Professor Mary Morgan

Professor Mary Morgan

Albert O. Hirschman Professor of History and Philosophy of Economics

Department of Economic History

+44 (0)20 7955 7081
Room No
SAR 6.09
Office Hours
Wednesday 14:00-15:00. In person or via Zoom. Email to book.
Key Expertise
Economics and statistics, philosophy and history of econometrics

About me

Professor Morgan's research interests include: history, philosophy and sociology of economics and statistics, models, measurements, experiments, observations and facts in history and philosophy of science. Her current work is on case studies and narratives and ‘performativity’: the ways in which economic ideas and technologies reshape economies in the world.

Current and Recent Research Projects

  • ‘Narratives in Science’ a special issue of Studies in the History and Philosophy of Science in 2017; and European Research Council Advanced Investigator Grant (2016-21) 
  • British Academy Wolfson Research Professorship project: Re-Thinking Case Studies Across the Social Sciences 
  • Leverhulme Trust / ESRC project: "How Well Do Facts Travel?" (a group project of the Department of Economic History)
  • Observation in Science: joint work with the University of Amsterdam's History and Philosophy of Economics Research Group and the Max Planck Institute for History of Science in Berlin. 


EH429 History of Economics: Ideas, Policy and Performativity

View Professor Morgan's CV here [PDF]


Expertise Details

Economics and statistics; philosophy and history of econometrics

Selected publications

See CV for full listing, and Research Gate for further access

Recent Books 

  • The World in the Model. (CUP, 2012) Chapter 1: "Modelling as a Method of Enquiry" 
  • How Well Do Facts Travel?  (CUP, 2011) edited with W. Peter Howlett.  Chapter 1:  “Travelling Facts” 

Recent Papers/Chapters 

  • “Glass Ceilings and Sticky Floors: Drawing New Ontologies” (Forthcoming 2016) in Cultures Without Culturalism in the Making of Scientific Knowledge ed K. Chemla and E. Fox Keller (Duke University Press) [Department of Economic History, Working Paper No 228, Dec 2015] (Link to LSE Working Paper here)
  • What if? Models, Fact and Fiction in Economics (2014) Keynes Lecture Read October 2013, posted December 2014. Journal of the British Academy, 2, 231-68.
  • Re-Situating Knowledge: Generic Strategies and Case Studies (2014) Philosophy of Science, 80, 1012-24.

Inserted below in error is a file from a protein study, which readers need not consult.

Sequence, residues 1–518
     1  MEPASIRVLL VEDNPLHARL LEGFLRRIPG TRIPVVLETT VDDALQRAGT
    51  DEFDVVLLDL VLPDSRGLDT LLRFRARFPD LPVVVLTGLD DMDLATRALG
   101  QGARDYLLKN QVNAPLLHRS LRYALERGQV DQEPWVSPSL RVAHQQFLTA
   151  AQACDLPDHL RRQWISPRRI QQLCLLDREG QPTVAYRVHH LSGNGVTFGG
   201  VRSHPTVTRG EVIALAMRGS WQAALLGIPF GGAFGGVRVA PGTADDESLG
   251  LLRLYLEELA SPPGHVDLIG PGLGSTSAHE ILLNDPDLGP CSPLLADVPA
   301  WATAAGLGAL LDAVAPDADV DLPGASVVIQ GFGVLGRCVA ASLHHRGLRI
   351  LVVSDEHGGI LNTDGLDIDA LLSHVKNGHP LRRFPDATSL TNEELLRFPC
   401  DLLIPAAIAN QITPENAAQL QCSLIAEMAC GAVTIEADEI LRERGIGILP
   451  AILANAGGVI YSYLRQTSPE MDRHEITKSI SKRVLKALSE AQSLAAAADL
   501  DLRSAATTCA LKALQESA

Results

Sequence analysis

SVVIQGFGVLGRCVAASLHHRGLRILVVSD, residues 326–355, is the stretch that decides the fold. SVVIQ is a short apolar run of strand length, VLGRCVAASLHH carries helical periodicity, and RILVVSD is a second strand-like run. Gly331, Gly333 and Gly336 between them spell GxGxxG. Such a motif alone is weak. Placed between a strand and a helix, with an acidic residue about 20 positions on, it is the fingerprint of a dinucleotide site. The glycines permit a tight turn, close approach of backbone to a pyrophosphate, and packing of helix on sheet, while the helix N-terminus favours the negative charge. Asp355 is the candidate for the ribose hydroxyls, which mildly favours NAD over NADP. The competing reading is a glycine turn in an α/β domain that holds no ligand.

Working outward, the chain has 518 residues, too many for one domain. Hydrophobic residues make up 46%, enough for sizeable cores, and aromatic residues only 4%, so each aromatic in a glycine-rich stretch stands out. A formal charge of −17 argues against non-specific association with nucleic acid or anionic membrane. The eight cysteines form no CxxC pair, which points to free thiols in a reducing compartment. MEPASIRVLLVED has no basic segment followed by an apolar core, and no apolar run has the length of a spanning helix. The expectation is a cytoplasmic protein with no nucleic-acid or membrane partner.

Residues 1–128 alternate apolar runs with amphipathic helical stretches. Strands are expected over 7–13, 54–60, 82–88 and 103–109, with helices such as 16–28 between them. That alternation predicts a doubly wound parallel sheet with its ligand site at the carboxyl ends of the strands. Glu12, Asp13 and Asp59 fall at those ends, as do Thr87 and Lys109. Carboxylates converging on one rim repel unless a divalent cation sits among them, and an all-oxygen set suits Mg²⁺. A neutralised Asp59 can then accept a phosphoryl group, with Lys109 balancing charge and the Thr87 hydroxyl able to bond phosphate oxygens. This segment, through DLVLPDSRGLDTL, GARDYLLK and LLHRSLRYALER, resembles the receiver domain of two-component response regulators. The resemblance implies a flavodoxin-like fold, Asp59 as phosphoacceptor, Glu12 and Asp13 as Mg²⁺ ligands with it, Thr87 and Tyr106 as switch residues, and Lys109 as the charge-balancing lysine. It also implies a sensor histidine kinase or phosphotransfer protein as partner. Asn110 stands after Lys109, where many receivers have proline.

• Nature’s Experiments and Natural Experiments in the Social Sciences (2013) Philosophy of the Social Sciences, 43:3, 341-57.  
  • Case Studies: One Observation or Many? Justification or Discovery? (2012) Philosophy of Science, 79:5, 667-77. 
  • “Models and Modelling in Economics” (2012, SSRN 2009]) With Tarja Knuuttila in U. Mäki (ed) Handbook of the Philosophy of Economics (a volume of Handbook of the Philosophy of Science, general editors: Dov Gabbay, Paul Thargard and John Woods), pp 49-86.
  • Seeking Parts, Looking for Wholes (2011) Histories of Scientific Observation, edited L. J. Daston and E. Lunbeck, University of Chicago Press pp 303-325.  
  • Business Models as Models (2010) with Charles Baden-Fuller, Long Range Planning, 43.2, 156-71.  
  • ‘Voice’ and the Facts and Observations of Experience (2010) In  W.J. Gonzales (ed)  New Methodological Perspectives on Observation and Experiment (pp 51-69). A Coruña: Netbiblio. (Previously, Working Paper No 31, How Well Do Facts Travel?, Department of Economic History, LSE).  
  • 'On a Mission' with Mutable Mobiles 2008, Working Paper 34, The Nature of Evidence: How Well Do 'Facts' Travel? Department of Economic History, LSE
  • Models (2008) in The New Palgrave Dictionary of Economics, 2nd edition, eds: S.N. Durlauf and L.E. Blume (Palgrave Macmillan), online. 
  • “An Analytical History of Measuring Practices: The Case of Velocities of Money” (2007) in Measurement in Economics: A Handbook, ed M. Boumans (Elsevier), pp 105-132. [Earlier version online: “Measuring Instruments in Economics and the Velocity of Money”,  Working Paper 13, How Well Do Facts Travel?, Department of Economic History, LSE.]  

My research